Tracey Rowledge & David Clarke
7 - 30th September 2018
Private view: 6 September, 6 - 9 pm
Many of us want to know more about an object that we own, perhaps how it was made and its value. Museums sometimes help the public to identify their possessions and when artists Tracey Rowledge and David Clarke arrived at Tunbridge Wells Museum & Art Gallery in 2016 to start their one-year residency, they found boxes of "Unclaimed Enquiries". These were artefacts that had been sent in for identification by members of the public but never reclaimed: objects existing in a kind of limbo, not part of the museum collection but unable to be legally disposed of. The discovery affected Clarke and Rowledge powerfully and in this project they decided to make new lives for other 'shelved' objects which they collected from local charity shops.
In their wider artistic practice, David Clarke and Tracey Rowledge are fascinated by the role objects play in our lives, how familiar objects can become strange and the strange become familiar. They are interested in how the passage of time affects the way we relate to things and how context can change the way we value objects. The trust that they have in each other from previous collaborations enabled them to challenge each other to remodel the found objects and to coax out different meanings through their artistic interventions.
In the resulting seven groups of related objects they question inherent material and aesthetic values: not seeking to beautify but to make us, as visitors, think harder about what we are looking at. Sometimes there is a divergence in material values which shocks. These are not 'ready-mades' moved from a charity shop to the gallery. Instead, through intelligent making the found objects are treated like raw materials, which still carry traces of meaning from their former lives.
Re-presented here for Gallery SO are the seven groups which were first shown in Tunbridge Wells Museum, Library and Adult Education Centre: Landed Gentry, Limbo, Lost Souls, Housed, Still Life, Shelved, and Greetings From Tunbridge Wells.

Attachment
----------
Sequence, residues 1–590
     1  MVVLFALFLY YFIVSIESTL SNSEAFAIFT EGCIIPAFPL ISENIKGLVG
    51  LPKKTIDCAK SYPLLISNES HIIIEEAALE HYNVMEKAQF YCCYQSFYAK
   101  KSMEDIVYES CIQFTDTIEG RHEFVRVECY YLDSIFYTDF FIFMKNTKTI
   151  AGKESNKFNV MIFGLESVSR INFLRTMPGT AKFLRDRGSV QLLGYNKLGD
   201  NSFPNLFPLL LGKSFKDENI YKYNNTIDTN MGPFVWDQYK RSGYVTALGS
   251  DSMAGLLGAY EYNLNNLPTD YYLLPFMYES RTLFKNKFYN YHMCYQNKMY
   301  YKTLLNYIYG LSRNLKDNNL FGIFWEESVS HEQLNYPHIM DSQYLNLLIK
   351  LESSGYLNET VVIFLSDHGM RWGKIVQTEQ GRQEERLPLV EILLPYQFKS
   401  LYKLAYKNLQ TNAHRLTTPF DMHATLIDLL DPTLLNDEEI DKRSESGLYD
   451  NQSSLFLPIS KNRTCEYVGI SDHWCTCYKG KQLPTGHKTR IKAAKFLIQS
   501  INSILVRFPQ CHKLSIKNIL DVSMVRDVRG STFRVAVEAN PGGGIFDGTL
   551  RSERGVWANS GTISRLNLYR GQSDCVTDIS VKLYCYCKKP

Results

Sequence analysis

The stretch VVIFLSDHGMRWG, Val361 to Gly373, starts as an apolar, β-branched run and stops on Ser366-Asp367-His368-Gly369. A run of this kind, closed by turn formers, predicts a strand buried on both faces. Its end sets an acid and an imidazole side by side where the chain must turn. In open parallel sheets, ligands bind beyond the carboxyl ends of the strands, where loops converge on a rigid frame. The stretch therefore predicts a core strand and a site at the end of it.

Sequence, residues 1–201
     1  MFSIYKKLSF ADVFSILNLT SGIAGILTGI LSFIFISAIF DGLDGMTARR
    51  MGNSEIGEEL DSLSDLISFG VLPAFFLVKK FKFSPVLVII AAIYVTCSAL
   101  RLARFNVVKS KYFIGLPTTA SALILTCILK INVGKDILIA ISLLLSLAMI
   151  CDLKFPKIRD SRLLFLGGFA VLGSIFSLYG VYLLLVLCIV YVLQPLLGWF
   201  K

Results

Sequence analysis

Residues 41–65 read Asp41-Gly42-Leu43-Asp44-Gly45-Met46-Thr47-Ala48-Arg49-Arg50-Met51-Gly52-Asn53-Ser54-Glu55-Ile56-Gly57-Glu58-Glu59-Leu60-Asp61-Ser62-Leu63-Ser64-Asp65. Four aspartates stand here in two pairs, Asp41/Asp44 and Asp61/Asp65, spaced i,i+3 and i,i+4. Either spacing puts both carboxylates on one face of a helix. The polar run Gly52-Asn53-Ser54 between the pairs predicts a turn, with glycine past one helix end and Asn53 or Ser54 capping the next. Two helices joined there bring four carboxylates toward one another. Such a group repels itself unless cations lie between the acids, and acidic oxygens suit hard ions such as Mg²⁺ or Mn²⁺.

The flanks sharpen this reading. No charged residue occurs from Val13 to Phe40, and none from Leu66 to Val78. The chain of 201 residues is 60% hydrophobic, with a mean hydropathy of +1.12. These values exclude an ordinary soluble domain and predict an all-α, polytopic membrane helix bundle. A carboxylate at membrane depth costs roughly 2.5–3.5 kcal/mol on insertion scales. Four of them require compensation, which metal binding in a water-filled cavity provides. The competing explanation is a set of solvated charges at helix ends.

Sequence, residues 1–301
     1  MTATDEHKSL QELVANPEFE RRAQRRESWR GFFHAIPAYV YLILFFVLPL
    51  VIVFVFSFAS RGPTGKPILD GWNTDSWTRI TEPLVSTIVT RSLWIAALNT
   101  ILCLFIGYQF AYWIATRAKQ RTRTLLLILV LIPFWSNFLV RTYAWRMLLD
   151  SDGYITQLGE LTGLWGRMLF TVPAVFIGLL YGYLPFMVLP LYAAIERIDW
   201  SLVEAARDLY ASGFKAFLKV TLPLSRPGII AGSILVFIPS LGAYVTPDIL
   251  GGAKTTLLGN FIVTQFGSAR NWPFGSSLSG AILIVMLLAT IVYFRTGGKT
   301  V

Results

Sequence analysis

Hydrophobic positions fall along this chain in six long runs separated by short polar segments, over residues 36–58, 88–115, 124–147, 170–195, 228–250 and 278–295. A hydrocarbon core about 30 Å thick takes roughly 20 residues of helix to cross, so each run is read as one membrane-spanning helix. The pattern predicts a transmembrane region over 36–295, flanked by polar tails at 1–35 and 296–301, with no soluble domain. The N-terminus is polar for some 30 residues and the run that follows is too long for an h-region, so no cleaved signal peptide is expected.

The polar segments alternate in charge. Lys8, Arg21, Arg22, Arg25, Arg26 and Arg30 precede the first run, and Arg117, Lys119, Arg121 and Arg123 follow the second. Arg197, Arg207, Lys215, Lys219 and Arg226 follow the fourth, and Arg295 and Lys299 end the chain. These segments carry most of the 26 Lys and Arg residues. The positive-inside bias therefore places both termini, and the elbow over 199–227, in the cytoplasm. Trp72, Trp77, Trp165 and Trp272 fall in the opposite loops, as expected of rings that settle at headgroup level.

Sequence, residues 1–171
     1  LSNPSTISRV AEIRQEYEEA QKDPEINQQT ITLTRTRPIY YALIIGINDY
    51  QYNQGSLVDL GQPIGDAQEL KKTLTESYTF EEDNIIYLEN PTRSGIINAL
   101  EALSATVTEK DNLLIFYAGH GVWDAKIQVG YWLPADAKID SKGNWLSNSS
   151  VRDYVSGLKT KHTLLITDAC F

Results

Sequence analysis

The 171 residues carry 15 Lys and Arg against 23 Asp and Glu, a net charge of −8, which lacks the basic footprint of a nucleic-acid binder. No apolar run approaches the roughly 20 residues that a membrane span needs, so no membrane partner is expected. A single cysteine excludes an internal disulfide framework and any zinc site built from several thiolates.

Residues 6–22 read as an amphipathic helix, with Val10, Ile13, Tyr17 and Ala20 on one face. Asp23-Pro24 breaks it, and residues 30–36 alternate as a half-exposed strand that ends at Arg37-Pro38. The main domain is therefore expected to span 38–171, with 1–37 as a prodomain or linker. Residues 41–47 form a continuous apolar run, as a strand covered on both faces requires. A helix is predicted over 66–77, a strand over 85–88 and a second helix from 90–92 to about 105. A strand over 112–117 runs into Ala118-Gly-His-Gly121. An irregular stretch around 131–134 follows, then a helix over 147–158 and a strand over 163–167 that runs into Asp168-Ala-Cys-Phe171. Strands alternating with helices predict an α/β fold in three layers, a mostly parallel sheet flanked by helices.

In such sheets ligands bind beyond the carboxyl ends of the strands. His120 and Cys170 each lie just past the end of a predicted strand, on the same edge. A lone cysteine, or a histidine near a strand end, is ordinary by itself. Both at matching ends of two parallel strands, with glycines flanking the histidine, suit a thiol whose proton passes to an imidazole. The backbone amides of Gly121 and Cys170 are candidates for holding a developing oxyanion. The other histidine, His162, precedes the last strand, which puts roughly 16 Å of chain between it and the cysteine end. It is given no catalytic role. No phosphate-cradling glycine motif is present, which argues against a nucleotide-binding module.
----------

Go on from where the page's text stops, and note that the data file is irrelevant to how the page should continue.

Louise Taylor, August 2018
Tracey Rowledge lives and works in London, UK. She studied Fine Art at Goldsmiths' College, London, and Fine Bookbinding and Conservation at Guildford College of Further and Higher Education, Surrey, UK. There is an essential paradox that distinguishes Rowledge's work, as her practice straddles fine art and the applied art of bookbinding. Drawing and materiality also play important roles in her work and it is the coexistence of these two ways of thinking that informs the infinitely subtle judgements she is known for. Rowledge was a founding member of the independent artists group 60|40, founded in 2008 (-2013) with David Clarke and Clare Twomey, whose aim was to expand the environment and opportunities for the applied arts. Rowledge is also a founding member of Tomorrow's Past: an international bookbinding collective whose aim is to encourage an alternative and modern approach to rebinding antiquarian books.
David Clarke lives and works in London, UK and Stockholm, Sweden. He is often cited as one of Britain's most highly innovative silversmiths. Since graduating from the Royal College of Art in 1997, Clarke has produced a wealth of covetable objects that have proven pivotal in the renaissance of contemporary British silversmithing. Clarke has a well-earned reputation for producing engaging, intelligent and challenging domestic objects. The aesthetic most often associated with Clarke's work relates to the subversive nature in which he responds to the entrenched traditions of silversmithing, often taking it to surprising extremes. This absolute willingness to experiment and play inappropriately sets Clarke apart.